ANZAC DAY 2014
Several months ago I had cause to drive back to the Western District of Victoria to Branxholme, a small town not far from where I grew up. Unless there was some more of the township situated off the main road, Branxholme consists of a typical country store which handles everything from mail to coffee.
While waiting for the other half of the meeting to arrive I noticed this memorial across the road.
Most houses and outbuilding of that era were made of blue-stone pitchers such as these…
Branxholme, in all likelihood was settled by pioneers who struggled to create roads, communities and a lifestyle no-one would ever dream of these days.
The Branxholme timeline traces the history of the township, noting its population decline and the establishment of its school, Number 63, when the town’s population was listed as 221 and ‘probably included Condah’ another nearby town. My home town’s school was numbered 766 which was always thought of as an early school. Branxholme was established years before my home town if the two numbers are anything to go by.
Facing the memorial to the early settlers is another memorial those locals who have served in major conflicts around the globe.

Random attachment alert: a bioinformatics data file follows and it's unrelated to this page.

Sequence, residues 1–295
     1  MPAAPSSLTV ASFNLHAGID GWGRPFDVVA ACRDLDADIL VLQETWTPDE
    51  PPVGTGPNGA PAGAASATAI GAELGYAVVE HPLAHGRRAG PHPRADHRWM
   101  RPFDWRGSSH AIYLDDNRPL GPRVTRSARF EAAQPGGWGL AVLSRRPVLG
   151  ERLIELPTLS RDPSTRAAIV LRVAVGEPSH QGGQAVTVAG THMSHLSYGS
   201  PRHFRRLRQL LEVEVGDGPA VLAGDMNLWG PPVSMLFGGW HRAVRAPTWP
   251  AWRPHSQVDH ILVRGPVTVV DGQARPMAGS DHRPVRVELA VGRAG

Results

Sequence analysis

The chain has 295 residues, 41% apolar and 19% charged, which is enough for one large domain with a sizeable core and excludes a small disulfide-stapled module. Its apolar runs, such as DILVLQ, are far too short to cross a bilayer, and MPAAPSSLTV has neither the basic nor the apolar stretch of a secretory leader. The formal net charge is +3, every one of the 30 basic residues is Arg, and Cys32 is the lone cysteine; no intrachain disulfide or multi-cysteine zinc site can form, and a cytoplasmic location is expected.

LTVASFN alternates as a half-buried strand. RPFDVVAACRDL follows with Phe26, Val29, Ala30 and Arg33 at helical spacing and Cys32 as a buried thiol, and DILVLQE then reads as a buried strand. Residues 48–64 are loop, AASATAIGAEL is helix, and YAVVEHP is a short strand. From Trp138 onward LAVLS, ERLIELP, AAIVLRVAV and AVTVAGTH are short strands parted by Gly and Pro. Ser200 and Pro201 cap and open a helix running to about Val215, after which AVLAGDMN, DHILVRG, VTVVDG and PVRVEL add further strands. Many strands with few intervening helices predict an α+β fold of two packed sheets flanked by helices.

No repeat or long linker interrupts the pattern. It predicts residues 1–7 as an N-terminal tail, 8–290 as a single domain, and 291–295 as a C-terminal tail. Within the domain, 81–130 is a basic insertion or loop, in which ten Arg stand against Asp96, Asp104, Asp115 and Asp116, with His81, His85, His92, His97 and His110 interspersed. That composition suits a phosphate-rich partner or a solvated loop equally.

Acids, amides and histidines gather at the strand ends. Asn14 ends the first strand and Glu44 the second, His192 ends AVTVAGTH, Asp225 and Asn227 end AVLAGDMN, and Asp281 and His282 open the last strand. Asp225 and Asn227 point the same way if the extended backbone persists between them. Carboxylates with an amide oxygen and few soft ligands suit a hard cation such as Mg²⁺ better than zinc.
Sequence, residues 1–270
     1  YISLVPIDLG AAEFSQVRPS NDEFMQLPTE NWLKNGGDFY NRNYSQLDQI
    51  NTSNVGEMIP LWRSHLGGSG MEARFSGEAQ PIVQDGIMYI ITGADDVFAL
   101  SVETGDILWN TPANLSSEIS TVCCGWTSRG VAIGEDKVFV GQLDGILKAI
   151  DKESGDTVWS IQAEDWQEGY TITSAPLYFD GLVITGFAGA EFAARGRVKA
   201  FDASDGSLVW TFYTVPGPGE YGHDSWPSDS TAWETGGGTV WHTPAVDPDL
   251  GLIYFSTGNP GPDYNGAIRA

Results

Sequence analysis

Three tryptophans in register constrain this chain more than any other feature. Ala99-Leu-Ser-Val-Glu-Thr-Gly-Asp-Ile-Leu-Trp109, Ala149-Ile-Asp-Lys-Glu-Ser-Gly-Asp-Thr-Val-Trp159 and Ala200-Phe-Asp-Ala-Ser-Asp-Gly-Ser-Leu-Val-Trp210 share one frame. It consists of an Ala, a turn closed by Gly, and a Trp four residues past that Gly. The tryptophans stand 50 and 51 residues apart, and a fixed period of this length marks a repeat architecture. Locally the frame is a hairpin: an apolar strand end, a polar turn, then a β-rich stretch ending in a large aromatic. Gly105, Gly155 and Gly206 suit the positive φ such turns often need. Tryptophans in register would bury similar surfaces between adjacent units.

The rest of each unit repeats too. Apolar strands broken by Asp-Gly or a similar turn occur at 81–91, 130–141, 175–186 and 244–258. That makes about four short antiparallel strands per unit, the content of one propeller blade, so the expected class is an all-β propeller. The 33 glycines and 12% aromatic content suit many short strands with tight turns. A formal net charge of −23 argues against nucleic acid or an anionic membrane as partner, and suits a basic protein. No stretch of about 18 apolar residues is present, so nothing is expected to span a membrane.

I could only think of the sacrifices made by Branxholme volunteers in all conflicts and how it has impacted this small district.
This morning, at Branxholme’s War Memorial, I am sure the gathering would have been as solemn as it was in other centres around Australia and New Zealand. As well as Turkey (Gallipoli) and townships throughout France reports indicate that many other towns and countries observe ANZAC Day.
I would like to visit Courcelette, in France, sometime in the next few years as my Grandfather served on the Western Front and was awarded a Distinguished Conduct Medal at Courcelette during World War I.
Links to 2013 ANZAC Day posts: